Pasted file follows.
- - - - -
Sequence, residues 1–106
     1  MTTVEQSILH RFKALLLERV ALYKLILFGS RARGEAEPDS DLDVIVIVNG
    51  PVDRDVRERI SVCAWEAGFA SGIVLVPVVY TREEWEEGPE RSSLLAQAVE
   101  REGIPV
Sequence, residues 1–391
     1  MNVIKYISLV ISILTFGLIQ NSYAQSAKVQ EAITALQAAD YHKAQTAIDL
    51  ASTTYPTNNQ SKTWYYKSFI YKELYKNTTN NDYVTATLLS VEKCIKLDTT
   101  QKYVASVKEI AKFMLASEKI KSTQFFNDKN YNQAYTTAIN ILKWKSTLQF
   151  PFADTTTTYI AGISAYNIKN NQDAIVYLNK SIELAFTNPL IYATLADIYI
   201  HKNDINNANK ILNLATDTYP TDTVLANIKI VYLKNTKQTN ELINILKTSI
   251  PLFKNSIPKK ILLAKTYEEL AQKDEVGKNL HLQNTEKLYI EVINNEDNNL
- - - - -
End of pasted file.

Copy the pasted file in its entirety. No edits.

Sequence, residues 1–106
     1  MTTVEQSILH RFKALLLERV ALYKLILFGS RARGEAEPDS DLDVIVIVNG
    51  PVDRDVRERI SVCAWEAGFA SGIVLVPVVY TREEWEEGPE RSSLLAQAVE
   101  REGIPV
Sequence, residues 1–391
     1  MNVIKYISLV ISILTFGLIQ NSYAQSAKVQ EAITALQAAD YHKAQTAIDL
    51  ASTTYPTNNQ SKTWYYKSFI YKELYKNTTN NDYVTATLLS VEKCIKLDTT
   101  QKYVASVKEI AKFMLASEKI KSTQFFNDKN YNQAYTTAIN ILKWKSTLQF
   151  PFADTTTTYI AGISAYNIKN NQDAIVYLNK SIELAFTNPL IYATLADIYI
   201  HKNDINNANK ILNLATDTYP TDTVLANIKI VYLKNTKQTN ELINILKTSI
   251  PLFKNSIPKK ILLAKTYEEL AQKDEVGKNL HLQNTEKLYI EVINNEDNNL